I was watching TV today when Grey's Anatomy came on and decided to watch the episode where sex, drama and illogical actions within a medical hospital are the 'norm' of the doctors' job description. I have been appalled by their story line in the past, but today, I had no strength to raise opinions about the writer's script, so I went along with my stuffy head and watched the entire episode becoming drawn into Meredith's cold character. Maybe because I felt delirious and illogical?

I noticed how often they display a character in such episodes that is an expert in his/her field, cutting people open, giving sarcastic but confident remarks, the straight to the point talk... and how often they are the ones who truly care about their patients, but keep on wearing a mask of indifference towards their profession, just to differentiate their emotions with practical approach. Isn't that a successful and less painful approach to accomplishing our goals in life?

I am sure medical students go through human emotions while learning about the anatomy of our bodies, but they are taught to be alert, to learn and keep their eyes open. I wonder how courageous that is, or is it called courage? To hide emotions behind a veil of professionalism and real practice, one needs to be in control of his/her weaknesses. It is easy to dwell into the emotional whirlpool of life, to lose oneself in irrational ramblings and grasping on to what is reality, but we forget that we are the product of humanity and that God is the only Creator with all the right answers...rightfully so.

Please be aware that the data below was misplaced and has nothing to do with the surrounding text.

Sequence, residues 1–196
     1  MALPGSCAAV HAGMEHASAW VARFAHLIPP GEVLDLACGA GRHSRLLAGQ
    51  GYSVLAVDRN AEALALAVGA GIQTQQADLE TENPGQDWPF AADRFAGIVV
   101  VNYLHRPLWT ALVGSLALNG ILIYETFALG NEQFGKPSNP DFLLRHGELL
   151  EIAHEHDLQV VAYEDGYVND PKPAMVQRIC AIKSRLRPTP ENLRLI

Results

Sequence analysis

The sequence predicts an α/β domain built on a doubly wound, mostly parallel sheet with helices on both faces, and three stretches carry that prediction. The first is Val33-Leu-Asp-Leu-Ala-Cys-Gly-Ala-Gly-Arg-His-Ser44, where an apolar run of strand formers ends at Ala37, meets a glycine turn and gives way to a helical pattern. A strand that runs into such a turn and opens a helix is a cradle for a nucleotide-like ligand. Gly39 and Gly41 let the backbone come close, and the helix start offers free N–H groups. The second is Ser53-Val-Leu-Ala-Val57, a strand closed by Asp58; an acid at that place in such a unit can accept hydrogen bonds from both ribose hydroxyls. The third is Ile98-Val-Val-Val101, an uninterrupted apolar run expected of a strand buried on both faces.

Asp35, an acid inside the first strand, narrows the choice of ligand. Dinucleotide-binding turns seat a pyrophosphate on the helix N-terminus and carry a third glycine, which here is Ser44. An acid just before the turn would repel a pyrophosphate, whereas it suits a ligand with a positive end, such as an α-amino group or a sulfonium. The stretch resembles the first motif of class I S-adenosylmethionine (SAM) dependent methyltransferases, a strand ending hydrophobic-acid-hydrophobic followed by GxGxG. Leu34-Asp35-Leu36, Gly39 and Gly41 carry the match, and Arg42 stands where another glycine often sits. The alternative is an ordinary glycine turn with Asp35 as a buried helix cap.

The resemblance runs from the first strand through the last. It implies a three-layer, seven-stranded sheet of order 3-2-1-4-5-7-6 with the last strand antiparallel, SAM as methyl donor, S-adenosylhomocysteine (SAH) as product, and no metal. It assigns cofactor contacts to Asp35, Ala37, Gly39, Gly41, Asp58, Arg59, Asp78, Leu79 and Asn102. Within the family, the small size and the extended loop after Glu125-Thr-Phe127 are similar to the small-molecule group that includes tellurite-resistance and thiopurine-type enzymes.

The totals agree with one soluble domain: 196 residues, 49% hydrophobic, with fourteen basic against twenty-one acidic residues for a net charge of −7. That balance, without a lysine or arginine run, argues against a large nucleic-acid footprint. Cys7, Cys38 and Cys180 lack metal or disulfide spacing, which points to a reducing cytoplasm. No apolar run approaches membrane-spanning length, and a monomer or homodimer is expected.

I have given up on my emotional self. I have told "her" to disappear when I am irrational, illogical, nostalgic and perhaps too hopeful of happiness around me. The reality is, happiness is my self created perception in which I fully acknowledge God's greatest gifts; I thank Him immensely for everything and move on to become better, better than my own imagination.

The journey of betterment continues as I am finding myself visualizing a destination in which I am learning, teaching and 'giving' to those who are needy. I see the hard work and the sacrifice that I will have to make in order to gain, but I am up for it. I see hope, I see a change and I still see my youth glistening like a rainbow in a clear blue sky smiling upon the surrounding nature. I see and I feel. I feel the greatness of life while writing my thoughts to you, I feel the endless opportunities of this world while anxiously awaiting the inauguration. I feel worthy of my intelligence and know that anything is possible as long as I put my mind to it.

I am dreaming bigger with the trust in God that I have put everything, all my confusions and demons out to Him. They will slowly fade away and I will live life growing greater, knowing better, experiencing 'the new' and the impossible.

Nothing is impossible anymore.

(Alas, my "catchy phrased" letterhead to the new President!)

1 comment:

Anonymous said...

Yes, we can.